The information contained in this document has not been audited by the Firm’s external auditors, as this is not a requirement, and does not constitute any form of financial statement and must not be relied upon in making any judgement on the Firm.
The Firm may omit disclosures if it believes the information is immaterial as it would be unlikely to influence or change the decision of a user relying on that information for the purposes of making economic decisions. If a certain disclosure is omitted from this statement, the Firm considered such disclosure to be immaterial or inapplicable to it.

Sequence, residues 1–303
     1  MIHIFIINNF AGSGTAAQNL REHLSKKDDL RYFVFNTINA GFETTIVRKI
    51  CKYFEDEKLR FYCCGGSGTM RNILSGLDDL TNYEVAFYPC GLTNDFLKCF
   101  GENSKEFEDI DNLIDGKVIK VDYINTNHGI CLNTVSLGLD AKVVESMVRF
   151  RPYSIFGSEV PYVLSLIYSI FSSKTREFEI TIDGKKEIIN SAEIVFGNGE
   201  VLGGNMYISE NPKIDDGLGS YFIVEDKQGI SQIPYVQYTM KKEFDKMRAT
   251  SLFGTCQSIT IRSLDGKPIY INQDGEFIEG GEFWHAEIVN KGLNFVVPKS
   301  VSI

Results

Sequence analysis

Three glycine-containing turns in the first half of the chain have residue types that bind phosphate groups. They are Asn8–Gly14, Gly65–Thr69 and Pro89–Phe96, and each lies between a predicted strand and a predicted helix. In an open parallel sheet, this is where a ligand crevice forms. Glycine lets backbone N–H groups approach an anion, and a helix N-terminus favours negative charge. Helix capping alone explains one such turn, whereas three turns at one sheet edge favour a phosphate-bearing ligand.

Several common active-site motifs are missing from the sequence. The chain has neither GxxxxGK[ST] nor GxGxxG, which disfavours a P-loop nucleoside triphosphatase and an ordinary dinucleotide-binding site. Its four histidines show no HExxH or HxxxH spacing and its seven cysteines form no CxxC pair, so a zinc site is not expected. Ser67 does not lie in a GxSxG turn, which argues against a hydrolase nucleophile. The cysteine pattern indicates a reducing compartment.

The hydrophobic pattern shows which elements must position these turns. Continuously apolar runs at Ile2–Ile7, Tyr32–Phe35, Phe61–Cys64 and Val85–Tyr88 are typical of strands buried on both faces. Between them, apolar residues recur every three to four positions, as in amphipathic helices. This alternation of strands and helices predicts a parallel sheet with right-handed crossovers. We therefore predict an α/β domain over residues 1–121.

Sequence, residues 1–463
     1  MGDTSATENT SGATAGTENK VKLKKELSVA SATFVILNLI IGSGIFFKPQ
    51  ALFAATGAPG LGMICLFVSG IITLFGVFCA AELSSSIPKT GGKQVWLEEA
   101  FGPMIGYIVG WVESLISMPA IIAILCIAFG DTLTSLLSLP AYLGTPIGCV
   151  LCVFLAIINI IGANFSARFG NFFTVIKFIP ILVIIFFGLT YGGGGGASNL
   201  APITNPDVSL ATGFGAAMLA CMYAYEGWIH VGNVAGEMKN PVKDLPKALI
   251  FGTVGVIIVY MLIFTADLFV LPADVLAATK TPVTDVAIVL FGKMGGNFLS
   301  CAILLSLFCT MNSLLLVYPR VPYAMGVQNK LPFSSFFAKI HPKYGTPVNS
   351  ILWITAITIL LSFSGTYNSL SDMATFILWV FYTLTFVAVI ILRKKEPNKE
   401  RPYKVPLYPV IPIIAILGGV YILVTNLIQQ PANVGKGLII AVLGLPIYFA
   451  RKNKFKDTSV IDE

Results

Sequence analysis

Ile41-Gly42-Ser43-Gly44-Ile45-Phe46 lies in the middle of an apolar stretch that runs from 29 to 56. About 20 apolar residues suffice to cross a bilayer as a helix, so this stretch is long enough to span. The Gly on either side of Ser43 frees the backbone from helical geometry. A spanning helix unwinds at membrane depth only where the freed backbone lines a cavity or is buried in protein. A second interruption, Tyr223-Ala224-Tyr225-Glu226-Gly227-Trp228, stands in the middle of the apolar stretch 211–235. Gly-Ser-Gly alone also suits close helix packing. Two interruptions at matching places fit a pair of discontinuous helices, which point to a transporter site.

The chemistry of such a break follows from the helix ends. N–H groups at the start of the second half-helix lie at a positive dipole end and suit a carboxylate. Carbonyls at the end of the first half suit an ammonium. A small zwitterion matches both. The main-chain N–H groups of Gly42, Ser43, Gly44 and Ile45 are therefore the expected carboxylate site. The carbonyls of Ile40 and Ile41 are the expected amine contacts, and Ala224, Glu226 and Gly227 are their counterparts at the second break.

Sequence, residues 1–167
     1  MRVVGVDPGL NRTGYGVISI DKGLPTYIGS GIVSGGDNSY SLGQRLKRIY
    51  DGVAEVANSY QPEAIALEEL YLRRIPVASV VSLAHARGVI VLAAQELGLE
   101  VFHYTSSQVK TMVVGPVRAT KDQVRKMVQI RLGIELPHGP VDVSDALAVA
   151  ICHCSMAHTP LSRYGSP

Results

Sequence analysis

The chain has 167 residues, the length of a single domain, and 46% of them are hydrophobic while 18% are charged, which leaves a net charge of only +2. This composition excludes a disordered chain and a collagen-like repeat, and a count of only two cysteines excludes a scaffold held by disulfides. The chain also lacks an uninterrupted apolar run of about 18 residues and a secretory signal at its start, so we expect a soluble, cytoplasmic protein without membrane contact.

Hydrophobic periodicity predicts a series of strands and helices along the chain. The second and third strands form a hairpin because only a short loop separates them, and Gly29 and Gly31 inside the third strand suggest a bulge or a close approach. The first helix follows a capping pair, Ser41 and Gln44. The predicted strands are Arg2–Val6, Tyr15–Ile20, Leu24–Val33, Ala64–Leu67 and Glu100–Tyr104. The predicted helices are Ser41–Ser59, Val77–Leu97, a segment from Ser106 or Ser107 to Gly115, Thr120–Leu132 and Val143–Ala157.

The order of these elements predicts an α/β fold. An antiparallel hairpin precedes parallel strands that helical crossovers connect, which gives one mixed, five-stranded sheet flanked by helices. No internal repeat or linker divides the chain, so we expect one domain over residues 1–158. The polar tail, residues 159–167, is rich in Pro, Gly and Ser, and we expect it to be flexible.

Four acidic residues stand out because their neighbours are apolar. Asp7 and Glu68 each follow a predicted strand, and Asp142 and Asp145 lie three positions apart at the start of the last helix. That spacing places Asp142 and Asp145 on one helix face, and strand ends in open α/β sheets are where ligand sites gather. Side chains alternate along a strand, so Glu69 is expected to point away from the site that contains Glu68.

While the Board of Directors is ultimately responsible and accountable for the risk management at the Firm, the firm operates the following lines of defence:
- First line of defence: Line management are responsible for identification, measurements and management of risks within the Firm, ensuring appropriate controls are in place and operating effectively.
- Second Line of Defence: The Firm’s compliance function provides risk management expertise and challenges the employees in their performance of risk management activities through independent reviews, monitoring and testing.
- Third line of defence: The Board oversee and review the effectiveness of the risk management structure and framework and ensure results are in line with the Firm’s risk appetite.